But the survey also flagged a handful of potential hazards that should worry anyone with a stake in industrial real estate. About 28 percent of investors said tariffs on foreign products represent the most immediate threat, and others said they’re factoring the prospect of higher interest rates into their investment decisions.

The report also noted a “shortage in quality assets” when it comes to acquiring property for industrial construction, pushing developers to widen their search for promising land.

The country’s feverish pace of spec warehouse construction has raised eyebrows among some industry pros, including Equity International chairman Sam Zell, who earlier this year predicted a “market clearing” for industrial landlords.

But bullish industrial investment also means builders will likely have enough cushion to withstand a glut of vacant space if it emerges, Martell said.

“There are probably some markets getting a little over their skis, but if there’s a correction that just means a pause until we see some more absorption,” Martell said. “And even if supply and demand end up getting a little out of sync, that provides an opportunity for a more rent-sensitive user to move up into class-A buildings that may be vacant.”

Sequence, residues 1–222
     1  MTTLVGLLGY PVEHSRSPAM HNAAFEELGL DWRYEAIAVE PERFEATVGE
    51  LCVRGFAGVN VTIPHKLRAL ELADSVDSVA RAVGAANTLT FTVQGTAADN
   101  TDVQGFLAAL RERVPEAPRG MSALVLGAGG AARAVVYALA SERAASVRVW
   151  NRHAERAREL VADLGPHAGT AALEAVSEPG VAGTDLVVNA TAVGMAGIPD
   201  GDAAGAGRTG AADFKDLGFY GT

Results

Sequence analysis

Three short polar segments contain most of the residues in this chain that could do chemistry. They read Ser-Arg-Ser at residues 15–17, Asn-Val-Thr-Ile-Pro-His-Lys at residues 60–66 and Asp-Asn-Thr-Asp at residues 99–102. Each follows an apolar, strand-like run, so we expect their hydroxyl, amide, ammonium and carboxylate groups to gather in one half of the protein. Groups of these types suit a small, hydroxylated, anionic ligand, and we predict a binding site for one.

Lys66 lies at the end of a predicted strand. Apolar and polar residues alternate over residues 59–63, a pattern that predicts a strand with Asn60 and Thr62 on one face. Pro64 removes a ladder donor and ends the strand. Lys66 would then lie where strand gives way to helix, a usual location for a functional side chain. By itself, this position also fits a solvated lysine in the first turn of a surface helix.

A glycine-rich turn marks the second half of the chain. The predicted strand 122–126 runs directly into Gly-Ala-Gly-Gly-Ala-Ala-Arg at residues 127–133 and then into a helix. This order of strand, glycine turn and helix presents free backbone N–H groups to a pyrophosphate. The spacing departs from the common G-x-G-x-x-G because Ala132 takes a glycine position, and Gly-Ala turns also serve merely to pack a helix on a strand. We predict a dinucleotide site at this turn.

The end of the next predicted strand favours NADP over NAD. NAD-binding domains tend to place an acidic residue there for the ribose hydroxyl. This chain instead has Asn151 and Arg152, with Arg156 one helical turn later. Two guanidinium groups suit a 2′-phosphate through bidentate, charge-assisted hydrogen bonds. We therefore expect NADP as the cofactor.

A CBRE report last month highlighted the Chicago area and the Inland Empire area around Los Angeles among the most active markets for industrial and logistics leases. Southern California tallied 11.6 million square feet of deals signed, followed by Atlanta at 7 million square feet, Chicago at 6.8 million square feet, Pennsylvania’s Interstate 78/I-81 corridor at 6.8 million square feet and Dallas-Fort Worth at 5.2 million square feet.

In New York, the price per square foot of industrial properties rose by as much as 81 percent this year in some parts of the city.

And industrial markets throughout Florida are experiencing a return to pre-recession occupancy levels and rental rates, according to a Cushman & Wakefield report.


Related Articles